Will Yosemite's Sequoias Burn?

Growing fire threatens well-known grove

If there's a lot of dead wood sitting around a sequoia grove, a fire would cause more damage. But even then it's not a death sentence for our ancient giants. (Bartfett/Thinkstock)

Central California's El Portal fire has put about 50 homes at risk (one man even resorted to chopping up his deck to save his ranch). But there's another "structure" in danger: the Merced Grove of giant sequoias. This group of ancient trees sits in the western part of Yosemite, and as the fire grew during the day Wednesday, closing roads within the park, some were sweating the possibility of flames reaching the grove.

Luckily, more than 800 firefighters made good progress Wednesday night. The most recent reports say the fire is about 34 percent contained and no longer "an imminent threat" to the sequoias, according to park spokesperson Scott Gediman. Still, if the fire makes a significant surge, it could threaten the trees once again, he told the Associated Press. Efforts to further contain the flames continue as low humidity and thunderstorms will likely keep the fire going strong.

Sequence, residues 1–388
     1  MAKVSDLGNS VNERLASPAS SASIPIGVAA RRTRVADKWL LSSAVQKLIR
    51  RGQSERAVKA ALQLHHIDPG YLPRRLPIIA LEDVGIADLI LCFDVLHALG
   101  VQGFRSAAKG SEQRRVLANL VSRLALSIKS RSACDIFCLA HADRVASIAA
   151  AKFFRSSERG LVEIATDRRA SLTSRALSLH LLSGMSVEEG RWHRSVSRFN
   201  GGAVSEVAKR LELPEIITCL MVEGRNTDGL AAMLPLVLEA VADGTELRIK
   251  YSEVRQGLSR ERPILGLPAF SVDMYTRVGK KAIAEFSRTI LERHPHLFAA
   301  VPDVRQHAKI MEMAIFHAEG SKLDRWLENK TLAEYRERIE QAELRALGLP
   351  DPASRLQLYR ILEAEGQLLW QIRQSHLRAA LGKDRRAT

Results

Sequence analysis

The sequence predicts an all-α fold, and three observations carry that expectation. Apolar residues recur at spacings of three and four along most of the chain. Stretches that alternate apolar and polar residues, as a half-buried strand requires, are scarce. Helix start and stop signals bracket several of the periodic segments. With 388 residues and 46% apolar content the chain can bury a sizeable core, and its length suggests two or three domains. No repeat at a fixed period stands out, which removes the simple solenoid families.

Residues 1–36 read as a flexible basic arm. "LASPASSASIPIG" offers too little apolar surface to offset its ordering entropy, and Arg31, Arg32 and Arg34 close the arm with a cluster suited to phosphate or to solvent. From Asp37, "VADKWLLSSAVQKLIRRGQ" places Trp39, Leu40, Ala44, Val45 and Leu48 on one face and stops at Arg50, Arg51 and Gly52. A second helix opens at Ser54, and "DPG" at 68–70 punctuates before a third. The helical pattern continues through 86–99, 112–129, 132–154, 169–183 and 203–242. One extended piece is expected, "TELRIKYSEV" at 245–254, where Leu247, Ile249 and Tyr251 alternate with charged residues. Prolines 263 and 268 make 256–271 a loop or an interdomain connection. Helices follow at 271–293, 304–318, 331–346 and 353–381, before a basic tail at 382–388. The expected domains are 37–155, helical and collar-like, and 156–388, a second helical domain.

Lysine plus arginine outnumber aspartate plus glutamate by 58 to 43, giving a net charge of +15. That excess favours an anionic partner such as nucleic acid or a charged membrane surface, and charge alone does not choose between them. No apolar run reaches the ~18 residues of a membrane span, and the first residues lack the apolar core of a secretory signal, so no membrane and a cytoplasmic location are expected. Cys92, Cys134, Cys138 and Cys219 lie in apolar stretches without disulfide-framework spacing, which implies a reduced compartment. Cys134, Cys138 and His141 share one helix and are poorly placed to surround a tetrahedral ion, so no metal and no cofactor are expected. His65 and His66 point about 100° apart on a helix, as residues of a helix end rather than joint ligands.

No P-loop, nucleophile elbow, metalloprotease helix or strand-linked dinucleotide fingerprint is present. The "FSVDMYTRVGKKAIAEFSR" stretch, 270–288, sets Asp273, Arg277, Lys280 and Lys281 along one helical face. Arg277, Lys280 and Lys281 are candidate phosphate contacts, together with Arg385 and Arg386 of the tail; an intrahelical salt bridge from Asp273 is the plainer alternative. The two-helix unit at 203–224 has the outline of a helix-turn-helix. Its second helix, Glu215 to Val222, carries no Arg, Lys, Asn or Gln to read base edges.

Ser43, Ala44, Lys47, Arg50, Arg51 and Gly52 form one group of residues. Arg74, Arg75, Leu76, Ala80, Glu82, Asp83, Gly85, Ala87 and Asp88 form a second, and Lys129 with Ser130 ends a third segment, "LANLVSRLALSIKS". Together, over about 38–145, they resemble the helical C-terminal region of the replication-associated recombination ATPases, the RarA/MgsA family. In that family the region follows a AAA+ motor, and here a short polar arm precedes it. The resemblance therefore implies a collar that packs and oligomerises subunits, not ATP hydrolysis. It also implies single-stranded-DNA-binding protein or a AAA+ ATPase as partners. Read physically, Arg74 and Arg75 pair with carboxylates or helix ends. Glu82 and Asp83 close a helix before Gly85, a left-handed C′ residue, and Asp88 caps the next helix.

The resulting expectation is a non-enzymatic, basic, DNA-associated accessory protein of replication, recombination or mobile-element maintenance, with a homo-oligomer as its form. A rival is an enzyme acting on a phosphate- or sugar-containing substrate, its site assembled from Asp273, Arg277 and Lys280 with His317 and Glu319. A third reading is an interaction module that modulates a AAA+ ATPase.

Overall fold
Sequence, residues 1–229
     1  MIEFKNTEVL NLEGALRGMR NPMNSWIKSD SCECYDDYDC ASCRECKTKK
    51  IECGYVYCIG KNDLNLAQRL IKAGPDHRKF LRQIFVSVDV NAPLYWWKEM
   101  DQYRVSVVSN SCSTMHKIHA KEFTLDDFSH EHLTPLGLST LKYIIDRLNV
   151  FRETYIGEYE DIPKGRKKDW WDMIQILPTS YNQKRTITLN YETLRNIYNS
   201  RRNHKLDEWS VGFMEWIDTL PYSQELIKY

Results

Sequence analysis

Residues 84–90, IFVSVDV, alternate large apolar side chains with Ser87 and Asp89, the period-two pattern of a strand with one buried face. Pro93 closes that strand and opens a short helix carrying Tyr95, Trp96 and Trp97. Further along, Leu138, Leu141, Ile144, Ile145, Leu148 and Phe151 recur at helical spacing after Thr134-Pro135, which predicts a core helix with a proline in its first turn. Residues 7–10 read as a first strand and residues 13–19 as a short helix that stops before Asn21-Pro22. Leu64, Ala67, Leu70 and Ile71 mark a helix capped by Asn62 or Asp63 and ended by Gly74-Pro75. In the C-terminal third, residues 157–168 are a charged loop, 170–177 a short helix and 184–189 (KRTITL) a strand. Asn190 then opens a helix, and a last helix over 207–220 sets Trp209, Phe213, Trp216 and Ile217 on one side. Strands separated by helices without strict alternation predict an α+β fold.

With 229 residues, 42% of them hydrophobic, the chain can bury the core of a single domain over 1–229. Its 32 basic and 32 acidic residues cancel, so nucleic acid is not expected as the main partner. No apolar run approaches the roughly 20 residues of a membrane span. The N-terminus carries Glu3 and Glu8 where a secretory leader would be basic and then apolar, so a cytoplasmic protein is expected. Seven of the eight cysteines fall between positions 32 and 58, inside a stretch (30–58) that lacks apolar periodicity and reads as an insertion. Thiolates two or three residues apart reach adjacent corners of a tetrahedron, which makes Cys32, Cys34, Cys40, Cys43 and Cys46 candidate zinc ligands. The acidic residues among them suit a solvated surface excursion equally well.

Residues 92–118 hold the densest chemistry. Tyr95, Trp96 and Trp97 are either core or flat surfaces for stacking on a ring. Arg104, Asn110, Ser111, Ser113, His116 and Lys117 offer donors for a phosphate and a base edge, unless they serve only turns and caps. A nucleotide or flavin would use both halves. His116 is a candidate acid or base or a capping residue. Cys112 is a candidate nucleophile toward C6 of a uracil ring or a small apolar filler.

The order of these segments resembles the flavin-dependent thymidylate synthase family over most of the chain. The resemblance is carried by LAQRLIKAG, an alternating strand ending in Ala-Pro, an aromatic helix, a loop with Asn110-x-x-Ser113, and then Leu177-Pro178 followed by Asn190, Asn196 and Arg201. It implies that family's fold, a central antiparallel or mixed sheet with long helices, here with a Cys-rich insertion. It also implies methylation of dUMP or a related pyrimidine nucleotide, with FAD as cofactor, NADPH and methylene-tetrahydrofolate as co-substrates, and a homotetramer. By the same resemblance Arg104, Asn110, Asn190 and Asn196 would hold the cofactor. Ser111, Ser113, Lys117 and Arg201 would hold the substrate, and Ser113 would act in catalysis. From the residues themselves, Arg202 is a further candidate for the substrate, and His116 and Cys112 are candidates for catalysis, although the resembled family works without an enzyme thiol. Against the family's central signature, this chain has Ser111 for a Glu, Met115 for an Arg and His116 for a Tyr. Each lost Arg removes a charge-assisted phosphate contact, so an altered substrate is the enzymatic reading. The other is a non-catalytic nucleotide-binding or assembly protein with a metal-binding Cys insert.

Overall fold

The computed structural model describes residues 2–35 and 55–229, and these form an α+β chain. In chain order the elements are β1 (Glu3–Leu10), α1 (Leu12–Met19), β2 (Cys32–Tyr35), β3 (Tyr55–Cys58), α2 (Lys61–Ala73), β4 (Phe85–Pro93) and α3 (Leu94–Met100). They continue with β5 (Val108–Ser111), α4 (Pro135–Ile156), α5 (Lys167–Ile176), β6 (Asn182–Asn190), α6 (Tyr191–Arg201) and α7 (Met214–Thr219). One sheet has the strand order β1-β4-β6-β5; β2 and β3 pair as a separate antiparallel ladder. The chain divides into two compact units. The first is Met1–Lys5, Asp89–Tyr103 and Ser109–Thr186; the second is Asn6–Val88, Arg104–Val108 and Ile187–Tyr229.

But don't panic. The idea of fire reaching these flammable natural wonders is scary, but the threat is not as bad as you might think. As ecologist Stephen C. Sillet told National Geographic during last year's wildfire season, it's not going to completely destroy the forest. Giant sequoias are quite flame resistant because their bark is so fibrous, and though they could be somewhat damaged in a fire, Sillett assured us that "the big trees are going to be fine."

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